6. Shri Nikhil Goel, learned AAG appearing on behalf of the State has vehemently submitted that in the facts and circumstances of the case, the High Court has materially erred in dismissing the revision applications and confirming the respective orders passed by the Appellate Authorities in allowing the Input Tax Credit in favour of the respective purchasing dealers.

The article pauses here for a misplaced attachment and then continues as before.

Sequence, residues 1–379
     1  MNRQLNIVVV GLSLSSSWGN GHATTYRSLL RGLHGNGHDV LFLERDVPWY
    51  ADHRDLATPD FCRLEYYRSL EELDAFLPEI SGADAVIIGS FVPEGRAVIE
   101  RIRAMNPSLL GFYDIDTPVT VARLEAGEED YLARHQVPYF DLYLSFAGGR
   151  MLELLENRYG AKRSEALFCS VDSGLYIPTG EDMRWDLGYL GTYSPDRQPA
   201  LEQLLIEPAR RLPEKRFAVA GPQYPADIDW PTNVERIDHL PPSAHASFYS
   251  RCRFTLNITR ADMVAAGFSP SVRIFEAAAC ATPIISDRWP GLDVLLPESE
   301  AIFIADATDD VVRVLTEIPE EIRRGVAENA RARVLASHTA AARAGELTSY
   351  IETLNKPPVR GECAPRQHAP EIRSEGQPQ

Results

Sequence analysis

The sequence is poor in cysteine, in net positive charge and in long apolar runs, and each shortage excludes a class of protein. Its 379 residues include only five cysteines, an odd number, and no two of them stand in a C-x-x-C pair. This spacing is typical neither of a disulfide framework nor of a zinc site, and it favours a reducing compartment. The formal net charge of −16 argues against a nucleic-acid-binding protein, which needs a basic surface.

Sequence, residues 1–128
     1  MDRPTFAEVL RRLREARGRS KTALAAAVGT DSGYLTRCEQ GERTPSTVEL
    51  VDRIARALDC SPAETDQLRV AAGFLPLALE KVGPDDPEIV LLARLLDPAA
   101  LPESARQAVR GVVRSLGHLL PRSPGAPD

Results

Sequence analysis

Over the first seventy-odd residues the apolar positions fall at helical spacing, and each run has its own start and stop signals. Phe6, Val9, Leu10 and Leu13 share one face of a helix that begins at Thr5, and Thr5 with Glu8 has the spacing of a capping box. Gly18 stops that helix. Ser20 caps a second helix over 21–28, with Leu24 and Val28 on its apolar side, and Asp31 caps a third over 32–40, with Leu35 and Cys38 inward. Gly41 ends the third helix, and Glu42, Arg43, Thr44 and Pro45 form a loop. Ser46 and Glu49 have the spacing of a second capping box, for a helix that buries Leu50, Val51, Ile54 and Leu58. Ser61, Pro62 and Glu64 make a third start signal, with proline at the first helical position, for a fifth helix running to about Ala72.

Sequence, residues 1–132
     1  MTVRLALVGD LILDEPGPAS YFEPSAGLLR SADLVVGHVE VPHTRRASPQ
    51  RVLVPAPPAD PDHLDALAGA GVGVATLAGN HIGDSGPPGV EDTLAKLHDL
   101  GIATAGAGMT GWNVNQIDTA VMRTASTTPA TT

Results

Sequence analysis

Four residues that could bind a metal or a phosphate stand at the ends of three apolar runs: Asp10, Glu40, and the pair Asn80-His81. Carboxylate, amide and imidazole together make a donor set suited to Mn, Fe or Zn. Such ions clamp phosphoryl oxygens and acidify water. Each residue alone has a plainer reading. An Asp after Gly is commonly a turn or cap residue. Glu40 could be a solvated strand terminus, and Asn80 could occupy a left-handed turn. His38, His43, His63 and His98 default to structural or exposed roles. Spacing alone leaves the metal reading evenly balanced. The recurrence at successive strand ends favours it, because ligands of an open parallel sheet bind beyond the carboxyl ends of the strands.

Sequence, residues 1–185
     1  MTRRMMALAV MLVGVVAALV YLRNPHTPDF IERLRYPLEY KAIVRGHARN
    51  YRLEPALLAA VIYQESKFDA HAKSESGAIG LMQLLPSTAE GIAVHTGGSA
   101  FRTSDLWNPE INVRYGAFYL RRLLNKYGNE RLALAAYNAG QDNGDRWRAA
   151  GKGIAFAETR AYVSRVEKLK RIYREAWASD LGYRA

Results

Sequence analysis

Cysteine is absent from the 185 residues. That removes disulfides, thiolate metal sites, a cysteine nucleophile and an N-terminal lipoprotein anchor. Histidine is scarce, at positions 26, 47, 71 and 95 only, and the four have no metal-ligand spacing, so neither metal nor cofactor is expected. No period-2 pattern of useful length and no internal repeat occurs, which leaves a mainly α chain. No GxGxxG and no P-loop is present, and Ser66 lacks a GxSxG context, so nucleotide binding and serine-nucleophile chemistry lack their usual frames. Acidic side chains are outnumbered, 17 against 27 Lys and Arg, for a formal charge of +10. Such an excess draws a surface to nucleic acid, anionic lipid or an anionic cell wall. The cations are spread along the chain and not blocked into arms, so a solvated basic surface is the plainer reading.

6.1 It is vehemently submitted that the High Court has not properly appreciated that when the Assessing Officer doubted the genuineness of the transactions/sales and when it was found that the sale transactions were only paper transactions and even in some of the cases, the registration of the sellers were cancelled and nothing was on record that any tax was paid by the seller, the purchasing dealers shall not be entitled to the Input Tax Credit.